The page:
Connecticut State Courts

Courts – State Courts – Connecticut

Highest Court

The highest court in Connecticut is the Supreme Court of Connecticut.  The Supreme Court consists of 7 justices. It has jurisdiction over (1) Mandatory jurisdiction in civil, capital criminal, criminal, and judge disciplinary cases. (2) Discretionary jurisdiction in civil, noncapital criminal, and  administrative agency cases.

Intermediate Courts

Appellate Court
The Appellate Court consists of 9 judges. It has jurisdiction over (1) Mandatory jurisdiction in civil, noncapital criminal, administrative agency (workers’ compensation), juvenile, lawyer disciplinary, and original proceeding cases. (2) Discretionary jurisdiction in administrative agency (zoning only) cases.

General Courts

Superior Court
The Superior Court consists of 180 judges.  It has jurisdiction over (1) Support/ custody, paternity, miscellaneous domestic relations, mental health, miscellaneous civil, exclusive tort, contract, real property rights, small claims ($2,500), marriage dissolution, domestic violence, and administrative agency appeals (except workers’ compensation). (2) Exclusive criminal jurisdiction. (3) Exclusive traffic/ other violation jurisdiction, except for uncontested parking (which is handled administratively). (4) Exclusive juvenile jurisdiction.
No jury trials are overseen by this court.

Limited Courts

Probate Court
The Probate Court consists of 133 judges.  It has jurisdiction over (1) Support/ custody, paternity, miscellaneous domestic relations, mental health, and miscellaneous civil. Exclusive adoption, estate jurisdiction.
No jury trials are overseen by this court.

Additional Information

Rooms for Special Sessions (Section 51-27f [formerly Sec. 51-188])
Special Sessions of the Superior Court may be held in any judicial district.  When needed, the Office of the Chief Court Administrator shall provide the suitable rooms, subject to the provision of section 4b-23 concerning real estate.

Offices of Superior Court
In accordance to Section 51-27b (formerly Sec. 51-156b), the Superior Court shall have a sufficient number of offices to ensure that the court is able to operate to its potential.  The Chief Court Administrator, after consulting with the Superior Court Judges, shall designate the number and location of the offices.

Punishment for Contempt of Court
Any person who behaves contemptuously or in a disorderly manner in any court, including a family support magistrate, may be punished by a fine no greater than $100 or punished by imprisonment for a term no longer than six months. Also, punishment is limited to either imprisonment or fine, not both. (Conn. Gen. Statute, Sec. 51-33)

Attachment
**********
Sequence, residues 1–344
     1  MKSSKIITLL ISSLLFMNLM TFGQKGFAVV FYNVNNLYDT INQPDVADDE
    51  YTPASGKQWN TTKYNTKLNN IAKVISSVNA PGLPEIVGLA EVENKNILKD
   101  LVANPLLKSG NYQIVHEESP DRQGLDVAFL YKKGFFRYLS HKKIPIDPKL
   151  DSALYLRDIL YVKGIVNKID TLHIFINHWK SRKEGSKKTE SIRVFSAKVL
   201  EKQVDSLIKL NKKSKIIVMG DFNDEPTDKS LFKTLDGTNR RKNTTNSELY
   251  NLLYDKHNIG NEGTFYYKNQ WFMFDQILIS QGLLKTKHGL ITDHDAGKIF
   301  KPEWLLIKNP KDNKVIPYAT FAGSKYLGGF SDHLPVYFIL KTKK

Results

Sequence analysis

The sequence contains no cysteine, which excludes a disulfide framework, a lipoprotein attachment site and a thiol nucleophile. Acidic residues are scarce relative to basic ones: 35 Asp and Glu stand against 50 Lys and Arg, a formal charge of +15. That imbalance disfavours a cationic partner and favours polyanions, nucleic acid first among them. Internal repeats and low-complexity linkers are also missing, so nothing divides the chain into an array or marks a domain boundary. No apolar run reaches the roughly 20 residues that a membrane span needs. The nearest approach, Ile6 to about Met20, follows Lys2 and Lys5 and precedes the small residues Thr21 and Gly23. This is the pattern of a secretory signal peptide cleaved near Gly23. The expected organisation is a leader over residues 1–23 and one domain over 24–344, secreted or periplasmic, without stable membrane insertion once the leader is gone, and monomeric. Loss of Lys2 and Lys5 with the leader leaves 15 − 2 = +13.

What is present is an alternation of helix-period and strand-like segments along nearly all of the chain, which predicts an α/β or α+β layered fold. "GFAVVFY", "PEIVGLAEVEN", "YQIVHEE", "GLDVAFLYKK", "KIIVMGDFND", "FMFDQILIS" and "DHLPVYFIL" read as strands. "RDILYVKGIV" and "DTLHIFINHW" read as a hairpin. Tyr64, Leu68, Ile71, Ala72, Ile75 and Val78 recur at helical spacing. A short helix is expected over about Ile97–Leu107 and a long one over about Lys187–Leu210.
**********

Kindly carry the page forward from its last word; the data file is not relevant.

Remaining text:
Witness Refusing to Testify; Imprisonment. Self-Incrimination
Subsection (a) of Conn. General Statute, Section 51-35 allows any court or family support magistrate to commit any legally summoned person who refuses to appear and testify for any case to a community correctional center.  The person will be held at the center at his/her own expense until that person decides to testify.  Subsection (b) of this statute states that a person shall not be compelled to give evidence against him/herself, except as otherwise provided by statute, nor shall such evidence when given by him/her be used against  him/her.

Microfilming, destruction and transferring of court records.
Section 51-36 of Connecticut General Statutes defines who has the authority to decide the fate of the records, the records that may be destroyed, and how they may be destroyed or saved.

Access to records maintained by Judicial Department. Policies and procedures. Conn. General Statutes: Sec. 51-36a.
Note: Concerning this Statute, “employees of the Judicial Department” does not include employees of the courts of probate or the Public Defender Services Commission.  Also, “records” shall not include records maintained by the courts of probate or the Public Defender Services Commission. Notwithstanding any provision of the general statutes, employees, contractors, and authorized agents of the Judicial Department may, in accordance with policies and procedures adopted by the Chief Court Administrator, access records (including erased records) and disclose the information maintained by the Judicial Department.  This applies to all records inexistent on and after June 7, 2002.


Inside Connecticut State Courts